Friday, 15 February 2013

Demand for cloud professionals will grow by 26% annually



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The IDC recently released a report stating that all the way through to 2015, the demand for cloud-ready IT workers will grow by 26% annually.
Cloud computing logo
Source: CRM In The Cloud

There are as many as seven million cloud-related jobs available worldwide already, meaning that there could be over eleven million jobs by 2015.

Although cloud is still emerging as a computing style, it is already changing how IT delivers economic value to countries, industries, and businesses.



According to another report by the IDC released in 2011, cloud created 1.5 million new jobs and generated $400 billion in economic benefit through organisations around the world.


The responses were taken from over 400 government IT employees at various levels within the U.S. government.

Shawn McCarthy, research director at IDC Government Insights stated "Survey data indicates that significant progress already has been made for cloud services, but overall progress will only accelerate once several important issues have been addressed".

One of the main issues with cloud has always been in its understanding. It isn't something you can often start a conversation about with just anyone. The majority of the population just simply don't understand what it is. Firebrand went to the CompTIA EMEA conference and caught up with Ian Moyse from Workbooks.com, a Cloud CRM vendor. He explained that "Cloud" is too generic of a term for customers to understand. And how we need to educate everyone, from the end customer through the different supply channels and vendors involved. He adds that in order to push cloud forward, it must be simplified by showing the real benefits customers get rather than the technology behind it. Watch our interview below:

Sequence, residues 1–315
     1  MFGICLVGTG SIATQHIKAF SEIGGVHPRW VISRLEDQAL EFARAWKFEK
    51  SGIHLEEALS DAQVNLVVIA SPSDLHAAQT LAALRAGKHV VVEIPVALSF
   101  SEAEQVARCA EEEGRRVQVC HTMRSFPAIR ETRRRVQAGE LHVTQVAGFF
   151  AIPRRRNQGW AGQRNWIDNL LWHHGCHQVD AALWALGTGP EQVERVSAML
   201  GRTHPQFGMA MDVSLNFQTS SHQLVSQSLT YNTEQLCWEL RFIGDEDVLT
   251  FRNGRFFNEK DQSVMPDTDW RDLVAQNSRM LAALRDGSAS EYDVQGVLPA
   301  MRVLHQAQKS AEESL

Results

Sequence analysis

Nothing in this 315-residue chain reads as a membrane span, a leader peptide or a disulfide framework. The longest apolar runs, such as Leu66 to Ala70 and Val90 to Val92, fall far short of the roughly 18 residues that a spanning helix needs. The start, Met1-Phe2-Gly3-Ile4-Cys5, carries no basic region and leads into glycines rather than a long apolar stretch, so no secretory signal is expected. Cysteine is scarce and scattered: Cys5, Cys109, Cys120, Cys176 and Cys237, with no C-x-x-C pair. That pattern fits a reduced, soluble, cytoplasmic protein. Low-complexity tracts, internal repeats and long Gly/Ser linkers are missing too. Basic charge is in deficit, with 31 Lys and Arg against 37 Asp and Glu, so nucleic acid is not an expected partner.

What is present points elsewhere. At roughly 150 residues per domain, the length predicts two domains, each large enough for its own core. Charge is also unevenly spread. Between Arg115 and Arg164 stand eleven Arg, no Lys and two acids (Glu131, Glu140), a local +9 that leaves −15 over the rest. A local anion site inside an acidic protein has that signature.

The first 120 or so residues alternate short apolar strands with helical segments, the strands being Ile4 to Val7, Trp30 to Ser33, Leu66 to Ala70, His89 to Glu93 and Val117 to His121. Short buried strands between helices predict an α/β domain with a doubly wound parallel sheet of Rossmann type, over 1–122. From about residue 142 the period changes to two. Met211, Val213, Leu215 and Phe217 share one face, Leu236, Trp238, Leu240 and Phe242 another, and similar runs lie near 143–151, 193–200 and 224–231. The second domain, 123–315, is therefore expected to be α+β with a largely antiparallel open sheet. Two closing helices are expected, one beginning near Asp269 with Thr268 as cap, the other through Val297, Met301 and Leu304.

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Video Transcript:
Hi. My name is Ian Moyse. I'm a Sales Director at Workbooks.com, a Cloud CRM vendor. I'm here today speaking about the Cloud and how it's disrupting and changing the way we do things. I'm really contexting how that's already happened in other industries, such as the video industry, the music industry, and books, that we digest things in different form factor.

So it's just changing how we digest IT, and what we're going to see is a balancing of options. So the Cloud just gives people an option. I'm going to talk about how it's been over complicated. "Cloud" is too generic of a term for customers to understand. And how we really need to educate everyone, from the end customer through the different supply channels and vendors involved, to how explain this in simple terms, with the real benefits customers get rather than the technology behind it.

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About the Author:
Sarah writes for Firebrand Training on a number of IT related topics. This includes exams, IT training, IT certification trends, project management, certification, careers advice and the IT industry itself. Sarah has 11 years of experience in the IT industry.